Volunteering Within the Aid Sector
There is a strong component to human nature that compels us to help others, and with growing displacement around the world, people are increasingly turning to the aid sector to volunteer their time. Non-profit organisations rely heavily on funding and volunteers to operate, but while there isn’t a shortage of people wanting to volunteer, funding is a major problem across the sector. In order to bring in both funding and volunteers, organisations often rely on positive messaging around their impact. However, a lot of the time this messaging does not match reality, and while most organisations have good intentions, organisations often find themselves having to prioritise securing partners and investors to receive funding, which can results in them having to deprioritise the needs of their volunteers.
Techfugees first came to us with a brief around understanding ways to better address, ensure and protect the mental health and wellbeing of their volunteers, as well as how to alleviate some of the pressures felt from working within a decentralised organisation.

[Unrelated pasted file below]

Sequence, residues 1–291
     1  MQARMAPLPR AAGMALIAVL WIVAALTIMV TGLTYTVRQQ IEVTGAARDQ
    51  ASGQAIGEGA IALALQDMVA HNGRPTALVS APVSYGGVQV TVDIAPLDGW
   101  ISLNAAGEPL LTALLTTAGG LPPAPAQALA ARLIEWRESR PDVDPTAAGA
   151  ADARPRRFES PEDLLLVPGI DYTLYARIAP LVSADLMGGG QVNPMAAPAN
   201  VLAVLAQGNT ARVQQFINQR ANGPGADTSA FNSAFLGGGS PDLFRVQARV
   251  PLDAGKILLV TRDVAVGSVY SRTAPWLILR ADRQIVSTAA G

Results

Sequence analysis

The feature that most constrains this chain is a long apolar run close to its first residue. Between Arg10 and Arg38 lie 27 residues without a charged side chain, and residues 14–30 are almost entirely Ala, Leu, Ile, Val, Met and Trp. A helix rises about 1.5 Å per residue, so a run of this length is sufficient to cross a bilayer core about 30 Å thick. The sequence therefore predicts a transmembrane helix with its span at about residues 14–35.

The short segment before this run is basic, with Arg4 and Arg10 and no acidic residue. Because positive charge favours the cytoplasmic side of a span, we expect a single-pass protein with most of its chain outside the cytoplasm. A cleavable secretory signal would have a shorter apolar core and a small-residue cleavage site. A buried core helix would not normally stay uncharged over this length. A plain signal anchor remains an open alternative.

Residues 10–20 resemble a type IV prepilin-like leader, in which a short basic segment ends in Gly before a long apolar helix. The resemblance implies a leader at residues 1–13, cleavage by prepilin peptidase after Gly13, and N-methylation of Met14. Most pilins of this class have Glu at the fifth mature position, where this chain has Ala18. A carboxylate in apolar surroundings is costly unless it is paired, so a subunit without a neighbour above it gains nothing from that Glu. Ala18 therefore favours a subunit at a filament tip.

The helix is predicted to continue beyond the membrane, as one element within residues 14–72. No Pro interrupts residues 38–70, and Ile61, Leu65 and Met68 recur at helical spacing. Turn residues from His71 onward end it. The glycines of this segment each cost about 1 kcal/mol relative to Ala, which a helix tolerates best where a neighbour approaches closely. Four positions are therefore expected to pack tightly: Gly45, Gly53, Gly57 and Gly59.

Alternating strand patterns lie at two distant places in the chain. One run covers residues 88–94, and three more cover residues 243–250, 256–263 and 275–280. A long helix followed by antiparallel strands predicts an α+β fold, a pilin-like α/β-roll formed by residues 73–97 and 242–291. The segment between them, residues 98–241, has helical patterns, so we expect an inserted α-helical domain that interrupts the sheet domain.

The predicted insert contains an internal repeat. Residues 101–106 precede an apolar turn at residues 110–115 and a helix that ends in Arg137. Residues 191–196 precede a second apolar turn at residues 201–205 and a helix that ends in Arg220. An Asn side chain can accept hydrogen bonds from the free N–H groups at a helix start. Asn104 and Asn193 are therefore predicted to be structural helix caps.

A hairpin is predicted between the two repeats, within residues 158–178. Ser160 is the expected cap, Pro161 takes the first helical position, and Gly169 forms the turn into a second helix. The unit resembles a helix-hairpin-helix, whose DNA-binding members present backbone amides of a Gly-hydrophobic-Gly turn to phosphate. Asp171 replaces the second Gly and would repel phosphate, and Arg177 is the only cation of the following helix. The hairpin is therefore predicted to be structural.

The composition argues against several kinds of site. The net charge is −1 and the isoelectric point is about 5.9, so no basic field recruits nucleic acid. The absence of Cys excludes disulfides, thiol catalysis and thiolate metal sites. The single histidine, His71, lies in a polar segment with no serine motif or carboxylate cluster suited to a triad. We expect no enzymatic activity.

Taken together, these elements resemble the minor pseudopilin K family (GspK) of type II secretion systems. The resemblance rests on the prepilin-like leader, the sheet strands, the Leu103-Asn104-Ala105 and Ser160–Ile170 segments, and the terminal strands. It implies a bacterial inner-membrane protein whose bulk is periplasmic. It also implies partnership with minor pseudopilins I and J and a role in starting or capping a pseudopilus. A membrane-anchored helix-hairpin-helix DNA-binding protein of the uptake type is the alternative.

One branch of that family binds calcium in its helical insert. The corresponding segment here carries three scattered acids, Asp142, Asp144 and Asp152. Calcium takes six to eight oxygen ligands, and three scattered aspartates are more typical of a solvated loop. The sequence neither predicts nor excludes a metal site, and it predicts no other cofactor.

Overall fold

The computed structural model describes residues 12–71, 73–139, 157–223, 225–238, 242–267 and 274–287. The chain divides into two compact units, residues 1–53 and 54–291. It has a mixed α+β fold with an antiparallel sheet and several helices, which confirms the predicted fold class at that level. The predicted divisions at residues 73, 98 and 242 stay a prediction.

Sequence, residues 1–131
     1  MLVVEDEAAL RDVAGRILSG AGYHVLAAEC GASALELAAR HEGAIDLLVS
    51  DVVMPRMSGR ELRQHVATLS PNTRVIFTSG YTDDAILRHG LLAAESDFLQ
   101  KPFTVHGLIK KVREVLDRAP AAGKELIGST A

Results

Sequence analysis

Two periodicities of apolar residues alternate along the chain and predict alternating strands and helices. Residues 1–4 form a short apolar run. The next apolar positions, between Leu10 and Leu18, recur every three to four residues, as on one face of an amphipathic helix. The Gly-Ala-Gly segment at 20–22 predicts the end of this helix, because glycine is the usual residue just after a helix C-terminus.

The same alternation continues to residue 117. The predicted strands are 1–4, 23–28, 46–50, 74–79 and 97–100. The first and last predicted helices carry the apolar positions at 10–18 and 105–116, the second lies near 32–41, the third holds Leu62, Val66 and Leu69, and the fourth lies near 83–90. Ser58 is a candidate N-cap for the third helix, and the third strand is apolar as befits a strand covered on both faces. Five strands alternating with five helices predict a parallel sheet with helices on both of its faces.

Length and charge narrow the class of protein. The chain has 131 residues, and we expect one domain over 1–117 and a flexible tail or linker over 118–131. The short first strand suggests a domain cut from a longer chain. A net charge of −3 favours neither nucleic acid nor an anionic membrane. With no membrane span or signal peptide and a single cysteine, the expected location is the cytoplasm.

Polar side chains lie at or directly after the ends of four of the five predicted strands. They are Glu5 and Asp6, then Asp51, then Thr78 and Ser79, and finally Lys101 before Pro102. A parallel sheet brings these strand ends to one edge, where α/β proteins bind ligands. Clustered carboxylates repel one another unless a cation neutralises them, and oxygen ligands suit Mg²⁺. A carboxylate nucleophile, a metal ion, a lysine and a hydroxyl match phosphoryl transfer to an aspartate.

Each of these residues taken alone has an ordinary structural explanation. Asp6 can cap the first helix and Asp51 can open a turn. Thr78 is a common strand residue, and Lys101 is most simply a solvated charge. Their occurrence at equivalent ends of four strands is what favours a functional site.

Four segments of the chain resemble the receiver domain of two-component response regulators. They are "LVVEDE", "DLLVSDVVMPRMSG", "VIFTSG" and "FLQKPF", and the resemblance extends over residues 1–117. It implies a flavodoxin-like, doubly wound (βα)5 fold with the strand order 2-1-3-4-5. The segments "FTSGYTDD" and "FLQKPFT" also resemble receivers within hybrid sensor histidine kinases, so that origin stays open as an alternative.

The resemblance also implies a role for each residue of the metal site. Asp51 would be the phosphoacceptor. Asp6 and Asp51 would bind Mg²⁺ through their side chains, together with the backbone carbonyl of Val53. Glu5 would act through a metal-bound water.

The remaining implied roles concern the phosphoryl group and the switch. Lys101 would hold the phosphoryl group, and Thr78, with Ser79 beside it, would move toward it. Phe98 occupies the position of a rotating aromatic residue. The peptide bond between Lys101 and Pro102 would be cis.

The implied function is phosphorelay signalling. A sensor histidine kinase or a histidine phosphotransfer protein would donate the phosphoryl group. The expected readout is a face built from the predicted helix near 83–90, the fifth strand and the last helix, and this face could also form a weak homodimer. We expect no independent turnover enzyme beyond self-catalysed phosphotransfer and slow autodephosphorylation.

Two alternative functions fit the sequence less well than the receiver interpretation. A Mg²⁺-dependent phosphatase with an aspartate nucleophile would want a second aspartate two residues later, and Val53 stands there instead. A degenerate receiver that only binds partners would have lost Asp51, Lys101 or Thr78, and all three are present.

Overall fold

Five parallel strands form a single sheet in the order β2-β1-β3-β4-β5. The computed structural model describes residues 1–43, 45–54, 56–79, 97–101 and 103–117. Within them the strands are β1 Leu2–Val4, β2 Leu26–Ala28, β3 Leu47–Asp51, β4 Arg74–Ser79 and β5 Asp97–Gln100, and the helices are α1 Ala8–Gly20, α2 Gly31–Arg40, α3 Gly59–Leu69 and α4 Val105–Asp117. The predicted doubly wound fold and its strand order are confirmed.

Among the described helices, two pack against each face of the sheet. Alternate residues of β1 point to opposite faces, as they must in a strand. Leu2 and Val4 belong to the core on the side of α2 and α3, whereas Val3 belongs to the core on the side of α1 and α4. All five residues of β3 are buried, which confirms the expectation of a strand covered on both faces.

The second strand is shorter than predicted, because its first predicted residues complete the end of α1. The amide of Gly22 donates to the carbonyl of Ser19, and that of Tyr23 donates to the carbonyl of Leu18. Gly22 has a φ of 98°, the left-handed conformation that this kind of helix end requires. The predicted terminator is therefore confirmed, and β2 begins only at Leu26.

Personal Considerations and Objectives
As a team we approached the brief by first acknowledging our role as designers working within the humanitarian aid sector, reflecting upon the scope that a project around the refugee crisis could have. We wished to position ourselves as facilitators to drive change, rather than just creating another solution which would add to the already busy space of the aid sector. With that in mind, our primary objective was to ensure that we could create tangible interventions within Techfugees in order to help them address and improve the wellbeing of their volunteers.